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Silver Voices, a pressure group for the over-60s, found 96 percent of its members wanted the organisation to campaign for an election boycott of the Conservatives in response to threatened suspension of the “triple-lock” guarantee.
The organisation claimed the move will be the “last straw” after a series of financial blows to older citizens including the axing of free television licences for most pensioner households and the failure to overhaul the crumbling social care system.
Silver Voices director Dennis Reed said: “Our members come from all political persuasions, but we are united in our determination to defend the Triple Lock, which guarantees that pensioner poverty will be kept in check.
“There is a strong feeling that older voters are being taken for granted by the Government and that our pensions and benefits are being attacked to pay for the pandemic.
“The Government is skating on very thin ice already with its older supporters.
“If the Tories move to scrap or suspend the Triple Lock, the only strategy we will have left is to campaign against them at the next election.
“The UK is at the bottom of the league of all developed nations with our miserly state pension, and if the manifesto promise to keep the triple lock is broken, this will be the final straw for older voters.”
Mr Sunak signalled last month that the Government could temporarily suspend the Triple Lock to save the Treasury being hit with an extra £3billion a year bill.
The guarantee, enshrined in the last Tory general election manifesto, promises that the state pension will rise in line with either earnings or the Consumer Prices Index measure of inflation depending on which is highest and always by at least 2.5 percent.
But ministers fear sticking to the pledge this year could be excessively expensive because of an expected leap in earnings in the recovery from the Covid pandemic.
Millions of workers have returned to work from furlough in recent months, returning to full pay rather than the 80 percent salary permitted under the Treasury’s Job Retention Scheme.
Some economists have estimated average earnings could soar by up to 8.5 percent this year, forcing Mr Sunak to find an extra £3billion to honour the Triple Lock pledge at a time when Government coffers have been stripped by the multi-billion Covid support effort.
Following widespread concern about the move to suspend the Triple Lock among its members, Silver Voices carried out an online survey through SurveyMonkey on the issue.
The survey asked: “If the Government suspends or scraps the Triple Lock on state pensions, do you agree that Silver Voices should campaign for all older voters in the UK to deny the Conservatives their votes at the next election?”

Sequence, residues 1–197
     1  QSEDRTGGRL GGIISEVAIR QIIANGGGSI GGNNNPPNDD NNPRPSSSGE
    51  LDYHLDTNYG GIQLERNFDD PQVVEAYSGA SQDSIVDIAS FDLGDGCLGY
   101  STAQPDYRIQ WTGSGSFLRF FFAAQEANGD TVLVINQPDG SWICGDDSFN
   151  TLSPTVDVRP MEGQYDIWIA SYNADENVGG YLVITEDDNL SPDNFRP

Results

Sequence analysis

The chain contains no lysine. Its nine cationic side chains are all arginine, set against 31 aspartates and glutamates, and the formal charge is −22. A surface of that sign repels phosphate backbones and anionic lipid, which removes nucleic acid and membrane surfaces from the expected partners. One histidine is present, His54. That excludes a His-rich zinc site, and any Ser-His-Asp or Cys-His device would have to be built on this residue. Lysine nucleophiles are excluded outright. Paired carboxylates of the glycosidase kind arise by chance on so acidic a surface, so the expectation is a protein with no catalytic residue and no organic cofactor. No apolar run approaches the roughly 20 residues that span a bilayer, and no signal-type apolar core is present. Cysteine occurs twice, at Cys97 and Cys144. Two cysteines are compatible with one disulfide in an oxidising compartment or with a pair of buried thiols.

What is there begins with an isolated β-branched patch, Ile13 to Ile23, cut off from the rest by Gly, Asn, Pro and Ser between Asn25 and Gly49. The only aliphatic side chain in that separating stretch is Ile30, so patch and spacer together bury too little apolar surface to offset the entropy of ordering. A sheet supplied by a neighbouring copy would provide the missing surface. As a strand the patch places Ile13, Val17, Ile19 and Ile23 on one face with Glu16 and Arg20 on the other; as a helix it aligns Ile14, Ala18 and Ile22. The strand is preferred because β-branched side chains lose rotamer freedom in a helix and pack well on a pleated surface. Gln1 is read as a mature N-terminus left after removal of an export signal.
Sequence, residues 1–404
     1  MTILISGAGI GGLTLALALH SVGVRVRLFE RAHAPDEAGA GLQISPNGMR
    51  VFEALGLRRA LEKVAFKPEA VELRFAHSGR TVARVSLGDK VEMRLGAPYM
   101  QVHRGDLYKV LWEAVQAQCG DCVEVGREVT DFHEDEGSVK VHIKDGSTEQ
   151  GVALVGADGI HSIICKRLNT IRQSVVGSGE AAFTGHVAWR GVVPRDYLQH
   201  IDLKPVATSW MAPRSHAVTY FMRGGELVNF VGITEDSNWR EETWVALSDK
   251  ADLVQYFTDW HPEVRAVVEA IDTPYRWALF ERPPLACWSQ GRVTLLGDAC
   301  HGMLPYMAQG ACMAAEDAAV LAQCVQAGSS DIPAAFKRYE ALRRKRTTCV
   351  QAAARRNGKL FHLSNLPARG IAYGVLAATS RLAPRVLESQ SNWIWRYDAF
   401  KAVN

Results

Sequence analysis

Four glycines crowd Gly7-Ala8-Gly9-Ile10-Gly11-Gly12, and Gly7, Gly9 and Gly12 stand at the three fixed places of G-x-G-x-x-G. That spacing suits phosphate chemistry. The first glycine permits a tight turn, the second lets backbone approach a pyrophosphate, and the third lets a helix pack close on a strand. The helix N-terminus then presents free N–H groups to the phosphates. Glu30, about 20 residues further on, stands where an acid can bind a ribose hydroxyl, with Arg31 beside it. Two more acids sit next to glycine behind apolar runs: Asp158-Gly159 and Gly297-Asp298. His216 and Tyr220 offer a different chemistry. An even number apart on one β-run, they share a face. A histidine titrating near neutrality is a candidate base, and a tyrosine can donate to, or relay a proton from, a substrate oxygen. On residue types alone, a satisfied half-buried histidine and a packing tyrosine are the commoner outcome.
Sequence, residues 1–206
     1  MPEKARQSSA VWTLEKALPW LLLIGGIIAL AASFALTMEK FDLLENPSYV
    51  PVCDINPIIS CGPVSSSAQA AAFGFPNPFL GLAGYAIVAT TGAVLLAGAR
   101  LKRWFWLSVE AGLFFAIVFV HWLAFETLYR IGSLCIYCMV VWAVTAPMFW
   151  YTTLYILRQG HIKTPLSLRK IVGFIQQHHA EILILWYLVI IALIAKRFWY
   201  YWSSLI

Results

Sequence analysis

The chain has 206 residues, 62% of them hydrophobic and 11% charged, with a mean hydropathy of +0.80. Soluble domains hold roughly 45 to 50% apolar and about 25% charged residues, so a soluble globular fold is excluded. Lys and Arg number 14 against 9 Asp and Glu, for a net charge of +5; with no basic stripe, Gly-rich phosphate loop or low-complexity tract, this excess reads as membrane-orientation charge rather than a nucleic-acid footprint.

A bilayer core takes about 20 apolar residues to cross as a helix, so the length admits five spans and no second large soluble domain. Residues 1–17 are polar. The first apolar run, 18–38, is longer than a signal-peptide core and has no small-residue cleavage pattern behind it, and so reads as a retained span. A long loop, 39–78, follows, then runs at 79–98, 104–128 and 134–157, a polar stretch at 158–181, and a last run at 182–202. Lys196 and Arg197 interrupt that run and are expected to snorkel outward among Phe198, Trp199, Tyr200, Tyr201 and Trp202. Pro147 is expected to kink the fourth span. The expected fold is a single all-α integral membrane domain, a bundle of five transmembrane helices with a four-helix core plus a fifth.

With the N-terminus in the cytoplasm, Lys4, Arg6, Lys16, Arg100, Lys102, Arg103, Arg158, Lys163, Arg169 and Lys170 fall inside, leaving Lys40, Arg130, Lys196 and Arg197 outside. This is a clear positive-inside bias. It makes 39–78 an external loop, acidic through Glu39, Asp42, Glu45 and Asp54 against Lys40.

A total of 1,356 Silver Voices members responded to the survey, with 96.46 percent backing the proposed campaign and 3.54 percent opposing the suggestion.
Tory peer Baroness Altmann, a former pensions minister and expert on retirement savings, last night backed the call for preserving the pledge.
“To abandon the protection of state pensions against rises in earnings just because earnings are rising quickly when you’ve already got the lowest state pension in the developed world anyway is just wrong in my view,” she said.
“We need to make sure that pensioners are not going back to the bad old days when the link to earnings was removed and pensioners fell so far behind the rest of the population.”
But senior Tory MP Nigel Mills, chairman of the All-Party Parliamentary Group on Pensions, said: “Last year the Government gave pensioners a 2.5 percent pension increase while wage rises were negative across the economy.
“This year we could see a one-off wage increase of around six to eight per cent, which would be unsustainable.
“When the public finances are so stretched, such an increase would be unfair and could actually undermine the Triple Lock in the long term.
“I would like to see the Government deliver a two-year settlement of around five percent to smooth off the one-off, extreme effect of the pandemic that has distorted the calculation.”
In a series of interviews last month, Mr Sunak refused to say whether the Triple Lock guarantee would be honoured this year.
“The Triple Lock is the government’s policy but I very much recognise people’s concerns,” he said in response to concerns about the potential cost.
“I think they are completely legitimate and fair concerns to raise. We want to make sure the decisions we make and the systems we have are fair, both for pensioners and for taxpayers,” the Chancellor added.
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